Sunday, 17 November 2019

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Kachin court to give verdict in Yuzana land-grab case

New Delhi (Mizzima) – A class action brought by 63 farmers against a company with close links to Burma’s military junta over land grabs in Kachin State will wind up on Saturday as the state court is to release its verdict, the farmers’ lawyer says.

hukawng-valley-tigerThe subsistence farmers sued Yuzana Company for confiscating family-owned land in Phakant Township, Moenhyin District and had initially named the firm’s owner, junta-linked tycoon Htay Myint as a defendant. After testimony was heard from the remaining witnesses, the court in the state capital of Myitkyina on Monday gave the date for its decision.

“High Court justices Tuja and Myo Tint decided to give the final verdict on December 31,” the farmers’ lawyer Myint Thwin told Mizzima.

Yesterday, after hearing the testimony of Pu Kyi from Yuzana, the court decided to deliver its verdict.

“Pu Kyi could not give any evidence and the other witnesses from Yuzana Company also had nothing to offer. I think the farmers are likely to win in this case,” land-rights activist Bawk Jar, who assisted the farmers in bringing the suit, told Mizzima.

A total of 148 farmers had originally prepared to sue the military and the company, after it had confiscated a total of 1,038 acres (420 hectares) held by the farmers in Warazuap, Aungra, Sharuzuap, Bangkok and Namsan villages. The firm planned to grow cassava and sugar cane as cash crops.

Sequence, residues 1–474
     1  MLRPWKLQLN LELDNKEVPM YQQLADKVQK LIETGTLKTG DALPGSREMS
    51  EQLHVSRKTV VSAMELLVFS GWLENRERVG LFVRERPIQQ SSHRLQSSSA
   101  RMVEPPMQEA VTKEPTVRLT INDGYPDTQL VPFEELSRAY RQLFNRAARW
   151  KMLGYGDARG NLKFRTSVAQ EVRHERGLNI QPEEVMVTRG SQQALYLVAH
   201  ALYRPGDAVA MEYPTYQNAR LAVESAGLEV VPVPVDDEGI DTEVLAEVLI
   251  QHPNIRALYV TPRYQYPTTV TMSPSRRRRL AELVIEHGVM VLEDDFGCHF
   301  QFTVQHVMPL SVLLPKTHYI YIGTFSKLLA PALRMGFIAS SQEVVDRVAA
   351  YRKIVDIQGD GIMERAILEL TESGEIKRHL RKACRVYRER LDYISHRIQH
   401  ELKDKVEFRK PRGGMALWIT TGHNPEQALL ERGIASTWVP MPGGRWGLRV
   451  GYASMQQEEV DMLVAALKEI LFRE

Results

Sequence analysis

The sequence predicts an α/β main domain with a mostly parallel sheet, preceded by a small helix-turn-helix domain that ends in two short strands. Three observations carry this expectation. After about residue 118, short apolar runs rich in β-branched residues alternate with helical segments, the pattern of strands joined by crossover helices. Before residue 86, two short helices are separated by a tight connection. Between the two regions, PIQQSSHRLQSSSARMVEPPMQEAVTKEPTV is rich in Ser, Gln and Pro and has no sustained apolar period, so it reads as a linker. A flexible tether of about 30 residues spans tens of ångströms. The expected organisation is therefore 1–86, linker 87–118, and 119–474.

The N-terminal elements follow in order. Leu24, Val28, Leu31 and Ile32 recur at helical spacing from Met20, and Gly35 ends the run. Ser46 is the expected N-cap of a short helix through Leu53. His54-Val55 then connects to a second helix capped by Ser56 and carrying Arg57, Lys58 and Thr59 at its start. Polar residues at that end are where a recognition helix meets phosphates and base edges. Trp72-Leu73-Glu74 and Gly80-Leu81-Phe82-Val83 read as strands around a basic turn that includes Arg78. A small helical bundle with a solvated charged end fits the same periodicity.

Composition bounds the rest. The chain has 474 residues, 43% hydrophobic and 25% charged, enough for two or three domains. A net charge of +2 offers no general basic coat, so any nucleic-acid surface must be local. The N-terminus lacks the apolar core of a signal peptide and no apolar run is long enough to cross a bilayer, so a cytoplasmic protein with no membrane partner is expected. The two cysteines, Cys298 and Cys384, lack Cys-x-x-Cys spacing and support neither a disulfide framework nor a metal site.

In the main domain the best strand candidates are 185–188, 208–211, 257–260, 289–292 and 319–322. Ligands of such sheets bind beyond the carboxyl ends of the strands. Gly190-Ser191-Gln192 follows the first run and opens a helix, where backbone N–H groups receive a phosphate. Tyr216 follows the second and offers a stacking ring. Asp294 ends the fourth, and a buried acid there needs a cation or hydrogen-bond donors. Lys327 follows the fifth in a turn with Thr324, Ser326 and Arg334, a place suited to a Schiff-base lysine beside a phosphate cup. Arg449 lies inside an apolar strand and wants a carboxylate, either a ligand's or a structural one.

Later, the company agreed to offer just 80,000 kyat [about US$80] per acre in compensation, so many of the farmers’ withdrew from the action, leaving 17 as plaintiffs. Then, 46 farmers also joined proceedings to sue the company because they had been denied livelihood from cultivating crops for the three years since the land grabs had occurred.

“The farmers demanded 800,000 kyat [about US$800] from the company as compensation because they had been jobless for about three years. It’s very important that they retrieve their farmlands, otherwise, they will not be able to survive … They are unable to do anything except farm for a living,” Bawk Jar said.

In the lawsuit brought by the 17 farmers, Htay Myint has been removed from the list of the defendants. On his behalf, Pu Kyi, reportedly Htay Myint’s brother, became the primary defendant on October 12.


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